http://www.iht.com/; to read the Adoption Institute study on the rights and well-being of birthparents, go to: http://www.adoptioninstitute.org/old/research/

UPDATED EDITION OF 'ADOPTION NATION' FOR INSTITUTE 10TH ANNIVERSARY
The Adoption Institute is proud to announce a new, updated "Evan B. Donaldson Adoption Institute Special Edition" of Executive Director Adam Pertman's ground-breaking book, Adoption Nation: How the Adoption Revolution is Transforming America. The new edition is dedicated to the Institute on the occasion of its 10th anniversary, and all profits from its sale will be donated to the Institute. To order online, go to:
http://www.amazon.com/; to order multiple signed copies, write to info@adoptioninsitute.org; to order multiple signed copies, write to info@adoptioninsitute.org; for more information or to arrange an interview with Pertman, read the press release at:
http://www.adoptioninstitute.org/old/media/200610_pertmanebdaiedition.php

Among Pertman's appearances in coming months are as a commentator at the Third Annual Wells Conference on Adoption Law, sponsored by the National Center for Adoption Law and Policy, on Feb. 15 in Columbus, Ohio; and as a speaker – along with several other members of the Adoption Institute policy staff – at the American Adoption Congress conference in Massachusetts in early March. For more information about either event, please email info@adoptioninstitute.org or call 617-332-8944. For more information about appearances by members of the Adoption Institute staff, go to: http://www.adoptioninstitute.org/old/events/appearances.php

Among the major events the Institute is planning for the coming year is a national conference on Ethics in Adoption, which will sponsored with the adoption reform organization Ethica. The conference will be held in suburban Washington, D.C., on Oct. 15-16, 2007. The Institute held its landmark first ethics conference in 1999, and this one – like its predecessor – promises to have significant impact on the field.

Our annual "Taste of Spring" gala will be held in New York on May 17; please save the date and contact us if you have questions, want to reserve tickets (they go quickly) or are interested in an individual or corporate sponsorship. We are planning additional fund-raising events across the country during the coming months and year, to be held by our loyal supporters and advocates who want to ensure that we can continue doing our unique, important work; stay tuned for dates and locations. Most important, we are producing some of the best, highest-impact initiatives since our founding a decade ago.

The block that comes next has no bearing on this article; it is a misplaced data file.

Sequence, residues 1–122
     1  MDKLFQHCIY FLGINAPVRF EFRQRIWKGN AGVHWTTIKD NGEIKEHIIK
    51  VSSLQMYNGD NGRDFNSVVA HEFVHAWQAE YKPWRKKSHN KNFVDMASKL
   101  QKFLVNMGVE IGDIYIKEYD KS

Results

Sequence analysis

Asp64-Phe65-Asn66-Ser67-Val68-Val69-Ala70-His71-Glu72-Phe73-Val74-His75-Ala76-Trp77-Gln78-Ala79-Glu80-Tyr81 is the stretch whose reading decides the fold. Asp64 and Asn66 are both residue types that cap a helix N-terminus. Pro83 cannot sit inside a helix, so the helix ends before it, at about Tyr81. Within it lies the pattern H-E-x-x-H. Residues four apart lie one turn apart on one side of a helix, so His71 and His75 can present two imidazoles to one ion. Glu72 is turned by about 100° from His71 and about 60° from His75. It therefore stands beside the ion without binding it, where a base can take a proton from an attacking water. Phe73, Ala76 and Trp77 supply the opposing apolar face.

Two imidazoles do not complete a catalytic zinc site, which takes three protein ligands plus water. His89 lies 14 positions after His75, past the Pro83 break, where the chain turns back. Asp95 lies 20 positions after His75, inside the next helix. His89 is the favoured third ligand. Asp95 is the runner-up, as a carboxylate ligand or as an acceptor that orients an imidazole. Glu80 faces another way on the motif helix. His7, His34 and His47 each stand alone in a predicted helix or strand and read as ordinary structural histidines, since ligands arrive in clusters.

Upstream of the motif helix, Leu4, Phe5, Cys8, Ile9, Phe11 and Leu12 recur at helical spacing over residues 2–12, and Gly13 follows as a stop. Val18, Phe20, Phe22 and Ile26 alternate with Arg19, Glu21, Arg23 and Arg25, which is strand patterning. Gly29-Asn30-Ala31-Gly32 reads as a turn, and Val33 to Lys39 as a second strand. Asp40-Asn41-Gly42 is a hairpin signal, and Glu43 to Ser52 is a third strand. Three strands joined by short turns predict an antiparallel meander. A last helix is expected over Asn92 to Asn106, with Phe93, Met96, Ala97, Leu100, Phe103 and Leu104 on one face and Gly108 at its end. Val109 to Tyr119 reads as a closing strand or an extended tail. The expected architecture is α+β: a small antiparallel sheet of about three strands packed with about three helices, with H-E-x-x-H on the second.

Here are just a few of the initiatives we are working on:

  • TRANSCULTURAL ADOPTION & IDENTITY

  • RIGHTS & WELL-BEING OF BIRTHPARENTS

  • EXPANDING RESOURCES FOR CHILDREN IN FOSTER CARE

  • ADOPTION AGENCY PRACTICES WITH GAYS AND LESBIANS

  • ADOPTIVE PARENT PREPARATION PROJECT

  • RESTORING RIGHTS TO ACCESS BIRTH RECORDS

  • SAFE HAVENS: ARE THE LAWS WORKING?

  • EDUCATE THE EDUCATORS AND EDUCATE THE MEDIA PROGRAMS

To find out how you can contribute to the important work of the Institute, go to: http://www.adoptioninstitute.org/old/about/support.php

 

ABOUT THE EVAN B. DONALDSON ADOPTION INSTITUTE

Since its establishment in 1996, the Evan B. Donaldson Adoption Institute has been a pre-eminent, independent voice for improving adoption for everyone it touches - particularly children - through innovative programs, educational initiatives, research and analysis, and advocacy for better practices, policies and laws. Our award-winning web site, www.adoptioninstitute.org/old, is a popular and reliable source for accurate adoption information.


Support Our Work

The Adoption Institute was established in 1996 with a one-time grant. To continue our work, we depend on new and renewable sources of funding. We need the financial support of people like you whose lives have been touched by adoption and who care about the future of vulnerable children everywhere. Please send a generous contribution to the Adoption Institute’s annual fund today. To donate, please call 212-925-4089 or go online to:
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Or you can print and complete this form,